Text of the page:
The Three Discreet Reasons for the Trojan War

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What caused the Trojan War (mythological)?

Approximately thirty centuries ago, on a land known as Troy, a colossal war raged between Grecians and Trojans on behalf of three discrete reasons. As a result of this war, many lives were lost but the relentless Grecians eventually triumphed after ten tumultuous years. This grave war was fought because of the capture of Helen, the most beautiful and benevolent woman in all of Greece, she was also known as ‘the face that launched a thousand ships’. It is said that the apprehension of Helen was a result of the tragic curse on the House of Atreus. However, others believe the Trojan War occurred on account of Hercules mercy. Some still think the second collapse of Troy happened because of Paris’s gluttonous ruling. There could be an ample amount of reasons that can determine why exactly the Trojan War started, but the three primary reasons were, the First Fall of Troy, the Judgement of Paris, and the solemn curse on the House of Atreus. 

First Fall of Troy
Once freed from slavery to Omphale, Heracles gathered an army to capture Troy and was joined by the hero, Telamon, son of Aeacus. At this time, Telamon was expecting a baby from his wife, Eeriboea. Heracles prayed to his father that Telamon's son would be brave. Zeus sent an eagle, as a sign of accepting his prayer. Telamon named his son, Aias (Ajax), after the eagle (Aietos). Aias became one of the leading warriors who fought at the Trojan War. Laomedon had refused to pay him, when Heracles rescued Hesione from the sea monster. Heracles had vowed vengeance. Poseidon and Apollo having to build the wall around Troy, making it quite impregnable. The only weakness to the wall were section built by Aeacus, Telamon' father. It was most likely that Telamon knew where the weakness is.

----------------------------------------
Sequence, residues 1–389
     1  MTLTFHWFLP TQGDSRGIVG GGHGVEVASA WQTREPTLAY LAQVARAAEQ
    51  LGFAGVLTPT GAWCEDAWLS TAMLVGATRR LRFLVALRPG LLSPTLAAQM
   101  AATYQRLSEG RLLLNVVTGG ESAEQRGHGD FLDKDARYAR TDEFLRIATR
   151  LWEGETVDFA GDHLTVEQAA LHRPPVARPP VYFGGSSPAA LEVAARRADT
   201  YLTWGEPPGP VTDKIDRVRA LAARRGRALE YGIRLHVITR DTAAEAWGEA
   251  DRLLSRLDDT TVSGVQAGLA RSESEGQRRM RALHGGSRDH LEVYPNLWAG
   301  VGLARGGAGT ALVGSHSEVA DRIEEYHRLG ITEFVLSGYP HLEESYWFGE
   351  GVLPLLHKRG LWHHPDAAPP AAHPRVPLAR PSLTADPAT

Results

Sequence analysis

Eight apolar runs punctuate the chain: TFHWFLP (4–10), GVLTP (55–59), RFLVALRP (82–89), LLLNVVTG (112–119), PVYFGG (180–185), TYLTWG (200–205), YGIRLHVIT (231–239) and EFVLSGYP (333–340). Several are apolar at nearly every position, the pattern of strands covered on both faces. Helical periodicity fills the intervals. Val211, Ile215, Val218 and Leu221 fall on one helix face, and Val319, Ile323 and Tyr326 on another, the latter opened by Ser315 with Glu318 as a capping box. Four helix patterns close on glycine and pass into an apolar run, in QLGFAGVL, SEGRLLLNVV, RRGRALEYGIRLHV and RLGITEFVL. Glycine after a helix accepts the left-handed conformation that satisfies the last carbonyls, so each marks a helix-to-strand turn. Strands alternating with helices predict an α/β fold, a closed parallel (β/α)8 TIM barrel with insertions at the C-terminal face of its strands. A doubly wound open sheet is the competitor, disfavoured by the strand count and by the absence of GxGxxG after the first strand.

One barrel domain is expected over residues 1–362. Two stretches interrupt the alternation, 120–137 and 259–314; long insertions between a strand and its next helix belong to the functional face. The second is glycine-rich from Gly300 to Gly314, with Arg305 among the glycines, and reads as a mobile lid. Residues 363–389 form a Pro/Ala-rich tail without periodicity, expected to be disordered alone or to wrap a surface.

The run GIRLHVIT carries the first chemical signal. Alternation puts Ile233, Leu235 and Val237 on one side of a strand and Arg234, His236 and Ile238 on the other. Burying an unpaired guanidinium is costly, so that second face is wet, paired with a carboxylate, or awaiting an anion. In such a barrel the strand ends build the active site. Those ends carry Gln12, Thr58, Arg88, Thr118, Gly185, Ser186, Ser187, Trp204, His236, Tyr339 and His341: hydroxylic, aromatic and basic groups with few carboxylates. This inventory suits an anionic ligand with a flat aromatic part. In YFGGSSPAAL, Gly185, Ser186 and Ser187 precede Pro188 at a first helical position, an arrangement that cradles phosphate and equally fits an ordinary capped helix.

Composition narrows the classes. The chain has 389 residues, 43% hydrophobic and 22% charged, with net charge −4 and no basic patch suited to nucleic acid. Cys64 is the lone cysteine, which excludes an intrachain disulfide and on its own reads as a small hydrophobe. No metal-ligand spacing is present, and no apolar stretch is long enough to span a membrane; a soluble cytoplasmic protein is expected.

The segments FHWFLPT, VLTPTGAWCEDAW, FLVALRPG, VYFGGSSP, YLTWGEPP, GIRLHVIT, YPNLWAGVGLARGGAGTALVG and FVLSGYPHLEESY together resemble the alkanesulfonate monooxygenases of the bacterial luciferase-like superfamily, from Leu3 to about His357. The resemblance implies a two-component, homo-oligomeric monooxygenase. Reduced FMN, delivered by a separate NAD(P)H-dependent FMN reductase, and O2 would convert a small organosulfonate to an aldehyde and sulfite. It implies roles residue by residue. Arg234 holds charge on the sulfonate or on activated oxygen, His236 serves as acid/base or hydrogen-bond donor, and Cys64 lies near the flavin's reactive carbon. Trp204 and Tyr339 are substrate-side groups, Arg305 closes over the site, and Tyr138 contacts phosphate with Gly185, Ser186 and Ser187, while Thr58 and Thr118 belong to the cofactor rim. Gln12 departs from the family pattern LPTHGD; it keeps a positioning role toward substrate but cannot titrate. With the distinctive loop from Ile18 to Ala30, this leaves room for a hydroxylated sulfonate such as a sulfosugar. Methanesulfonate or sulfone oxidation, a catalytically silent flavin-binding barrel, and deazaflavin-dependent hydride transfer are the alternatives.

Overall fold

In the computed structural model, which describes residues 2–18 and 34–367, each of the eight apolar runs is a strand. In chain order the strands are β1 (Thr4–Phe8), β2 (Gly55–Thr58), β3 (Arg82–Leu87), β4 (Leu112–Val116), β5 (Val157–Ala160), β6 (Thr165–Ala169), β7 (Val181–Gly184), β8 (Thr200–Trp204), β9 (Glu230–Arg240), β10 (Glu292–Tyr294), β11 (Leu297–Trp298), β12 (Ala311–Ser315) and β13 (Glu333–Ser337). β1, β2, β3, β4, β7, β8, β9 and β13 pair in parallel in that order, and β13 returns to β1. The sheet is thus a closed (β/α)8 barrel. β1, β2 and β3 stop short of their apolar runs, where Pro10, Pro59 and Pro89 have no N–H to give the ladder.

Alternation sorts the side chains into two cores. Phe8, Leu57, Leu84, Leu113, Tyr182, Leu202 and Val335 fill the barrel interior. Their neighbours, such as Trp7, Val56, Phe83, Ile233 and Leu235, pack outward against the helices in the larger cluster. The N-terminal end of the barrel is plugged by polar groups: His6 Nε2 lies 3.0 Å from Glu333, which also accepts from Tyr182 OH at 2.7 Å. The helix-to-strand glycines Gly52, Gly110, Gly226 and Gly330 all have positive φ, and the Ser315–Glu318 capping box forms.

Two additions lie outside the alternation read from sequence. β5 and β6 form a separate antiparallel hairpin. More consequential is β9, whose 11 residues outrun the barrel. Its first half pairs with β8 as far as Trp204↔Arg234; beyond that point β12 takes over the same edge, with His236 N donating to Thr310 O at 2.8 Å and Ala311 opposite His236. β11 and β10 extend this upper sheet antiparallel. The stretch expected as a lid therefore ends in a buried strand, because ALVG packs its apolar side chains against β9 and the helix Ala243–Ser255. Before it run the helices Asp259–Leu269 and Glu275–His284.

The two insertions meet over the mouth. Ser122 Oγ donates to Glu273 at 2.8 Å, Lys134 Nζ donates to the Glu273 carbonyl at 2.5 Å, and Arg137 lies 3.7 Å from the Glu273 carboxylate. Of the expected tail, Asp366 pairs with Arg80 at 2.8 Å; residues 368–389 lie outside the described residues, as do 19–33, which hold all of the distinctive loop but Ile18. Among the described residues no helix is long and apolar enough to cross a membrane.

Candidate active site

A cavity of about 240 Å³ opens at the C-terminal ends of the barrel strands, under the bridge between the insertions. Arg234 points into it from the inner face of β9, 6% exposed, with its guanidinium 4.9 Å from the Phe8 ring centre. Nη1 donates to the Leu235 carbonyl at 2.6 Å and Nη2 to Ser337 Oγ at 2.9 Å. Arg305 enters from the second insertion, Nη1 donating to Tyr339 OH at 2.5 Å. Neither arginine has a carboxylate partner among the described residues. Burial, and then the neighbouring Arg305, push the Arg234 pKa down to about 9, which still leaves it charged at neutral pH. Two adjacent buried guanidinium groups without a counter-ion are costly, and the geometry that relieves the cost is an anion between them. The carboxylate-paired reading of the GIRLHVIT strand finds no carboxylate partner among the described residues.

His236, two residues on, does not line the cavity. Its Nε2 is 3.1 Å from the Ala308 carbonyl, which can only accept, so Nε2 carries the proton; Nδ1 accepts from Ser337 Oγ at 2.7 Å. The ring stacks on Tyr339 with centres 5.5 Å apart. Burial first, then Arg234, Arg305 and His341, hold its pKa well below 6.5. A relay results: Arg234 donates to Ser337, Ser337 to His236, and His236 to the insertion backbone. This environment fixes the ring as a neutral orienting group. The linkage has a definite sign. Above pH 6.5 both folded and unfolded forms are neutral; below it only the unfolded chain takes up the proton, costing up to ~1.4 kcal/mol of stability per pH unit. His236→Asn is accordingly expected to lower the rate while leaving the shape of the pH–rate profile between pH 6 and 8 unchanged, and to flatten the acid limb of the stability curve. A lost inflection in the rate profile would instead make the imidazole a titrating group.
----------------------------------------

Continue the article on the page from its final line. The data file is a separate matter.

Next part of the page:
Landing in Troy with eighteen ships, they set about attacking Troy. It was Telamon who broke through wall (the part built by his father), leading the attack against Trojans. Heracles felt insulted and jealous, that Telamon would breach the wall before him. The hero would have killed his lieutenant, had Telamon not had the foresight to stop fighting and started piling stones. When the hero asked what Telamon was doing, Telamon replied that he was building an altar to Heracles. Heracles forgot his anger, since Telamon had flattered his vanity.

Laomedon and all his sons but the youngest, Podarces (Priam), were killed in the fighting. Heracles allowed Hesione to ransomed only one of the captives. Hesione ransomed Podarces by giving up one of her veil. Hesione was given to Telamon as a concubine, while Podarces stayed behind in Troy, succeeded his father, and changed his name to Priam.

Priam, along with the villagers of the town, rebuilt Troy far better than it ever was before. Priam had many children with his new wife Hecuba. The most renowned child of Priam and Hecuba was Paris, the eventual assessor of the goddesses and captor of Helen. Since Hercules allowed Priam to live, he unknowingly allowed Paris’s birth to take place; these births of Paris lead to another treacherous Trojan war.

The curse of the House of Atreus
Standing shoulder-to shoulder with the incestuous brood of Oedipus is the House of Atreus, the ancient royal family of Mycenae in Greece. Arguably the most important family in western literature, the descendants of Atreus suffered from an ancestral crime, variously described, that caused disastrous cycle of murder and revenge until finally Athena interceded and broke the cycle of murder and revenge.

Tantalus, the son of Zeus, wanted to prove that he was cleverer than the gods and attempted to trick them into eating the flesh of his own son Pelops. It is said that none of the gods succumbed to the ruse except Demeter, who was preoccupied with thoughts of her missing daughter Persephone. When Pelops was reassembled, the shoulder eaten by Demeter was replaced by one of ivory. Tantalus was cast into Tartarus, the pit beneath...
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